August 8th, 2016
Today, the 8th of August, marks the point for 2016 at which humans have used more resources than the planet can regenerate in a year. In other words, from today until the end of 2016, we will be in ecological debt.
Earth Overshoot Day, calculated annually since the 1970s by international think tank Global Footprint Network, measures human’s demand for resources against the planet’s capacity to provide them. This year’s date is the earliest ever point of reaching the milestone, coming five days earlier than last year, and follows the general trend since 1981 of consuming a sustainable allocation of resources earlier, year-on-year.
The calculations are carried out on data from more than 200 countries, and considers the impact of sectors such as energy generation, transport, food production and forestry, as well as the largest and fastest-growing environmental impact: greenhouse gas emissions, accounting for 60% of humanity’s ecological footprint.
The last period in which humans consumed resources within the regenerative capacity of the planet was the 1960s, when we used approximately three-quarters of the planet’s annual resources per year. However, with the economic and population growth of recent decades, increased consumption has meant that the planet has been in ecological overshoot ever since.
Indeed, as this chart shows, if the global population were to lead the lifestyle of citizens of wealthy nations like Australia, we would need over 5 times more resources than those provided by our planet. Global consumption is currently at 1.6 times the resources available to us on earth.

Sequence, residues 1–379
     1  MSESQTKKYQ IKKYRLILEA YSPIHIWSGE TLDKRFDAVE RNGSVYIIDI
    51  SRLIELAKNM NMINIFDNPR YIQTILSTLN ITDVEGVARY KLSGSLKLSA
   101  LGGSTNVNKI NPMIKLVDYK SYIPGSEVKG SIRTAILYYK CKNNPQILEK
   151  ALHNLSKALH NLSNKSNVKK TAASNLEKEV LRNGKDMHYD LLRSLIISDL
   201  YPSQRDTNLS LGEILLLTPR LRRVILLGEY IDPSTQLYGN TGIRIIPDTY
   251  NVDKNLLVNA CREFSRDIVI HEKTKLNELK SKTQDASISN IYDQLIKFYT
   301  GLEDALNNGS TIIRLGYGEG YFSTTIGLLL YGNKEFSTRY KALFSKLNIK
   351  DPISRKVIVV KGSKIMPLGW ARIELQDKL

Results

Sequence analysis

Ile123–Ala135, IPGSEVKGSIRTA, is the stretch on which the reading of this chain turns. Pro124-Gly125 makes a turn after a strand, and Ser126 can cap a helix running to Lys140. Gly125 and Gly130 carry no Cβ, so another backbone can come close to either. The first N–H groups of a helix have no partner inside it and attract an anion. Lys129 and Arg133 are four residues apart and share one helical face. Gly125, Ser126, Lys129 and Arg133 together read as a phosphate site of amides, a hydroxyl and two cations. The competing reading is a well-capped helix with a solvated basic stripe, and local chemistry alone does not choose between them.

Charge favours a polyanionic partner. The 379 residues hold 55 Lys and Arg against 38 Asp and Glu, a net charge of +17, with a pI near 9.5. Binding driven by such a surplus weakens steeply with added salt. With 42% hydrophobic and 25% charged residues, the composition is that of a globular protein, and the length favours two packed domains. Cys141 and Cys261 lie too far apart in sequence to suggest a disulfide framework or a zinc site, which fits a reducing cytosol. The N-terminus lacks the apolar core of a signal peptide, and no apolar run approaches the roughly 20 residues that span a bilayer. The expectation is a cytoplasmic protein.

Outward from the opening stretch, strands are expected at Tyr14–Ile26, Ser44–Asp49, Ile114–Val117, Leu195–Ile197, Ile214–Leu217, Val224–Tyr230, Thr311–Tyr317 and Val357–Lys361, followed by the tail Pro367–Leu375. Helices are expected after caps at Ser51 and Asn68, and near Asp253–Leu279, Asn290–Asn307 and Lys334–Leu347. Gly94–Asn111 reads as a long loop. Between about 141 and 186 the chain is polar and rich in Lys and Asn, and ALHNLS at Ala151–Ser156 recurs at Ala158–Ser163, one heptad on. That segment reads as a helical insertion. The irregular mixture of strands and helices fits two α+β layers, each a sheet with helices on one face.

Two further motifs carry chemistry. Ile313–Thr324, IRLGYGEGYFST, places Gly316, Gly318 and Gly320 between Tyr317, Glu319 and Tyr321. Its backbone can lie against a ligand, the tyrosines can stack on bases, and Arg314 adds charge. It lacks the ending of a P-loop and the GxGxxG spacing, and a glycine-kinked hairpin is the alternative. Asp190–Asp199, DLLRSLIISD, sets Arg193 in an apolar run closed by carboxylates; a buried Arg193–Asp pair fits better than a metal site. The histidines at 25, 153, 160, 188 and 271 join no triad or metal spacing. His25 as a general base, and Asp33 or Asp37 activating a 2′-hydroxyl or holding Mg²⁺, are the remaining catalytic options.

In an associated strategic shift, Scotland’s Environmental Protection Agency (SEPA) have recently downgraded air, water and soil pollution as the critical environmental issues of our time, assigning top priority to “overusing the planet as a resource base”, according to SEPA’s chief executive, Terry A’Hearn, in a recent interview with the Guardian.
With the global population expected to reach 11 Billion by the end of the century, there will be ever greater strain upon our planet’s ability to sustainably provide food, energy and other resources to all inhabitants of the world.
There are reasons to be hopeful, however, as the Global Footprint Network have observed a decrease in the rate at which Earth Overshoot Day is moving up on the calendar, from a rate of three days per year in the 1970s to under one day per year currently. Also, of last December’s Paris Agreement on mitigating Climate Change, co-founder and CEO of Global Footprint Network, Mathis Wackernagel, had this to say: “It will stimulate emerging sectors like renewable energy, while reducing risks and costs associated with the impact of climate change on inadequate infrastructure. The only resource we still need more of is political will.”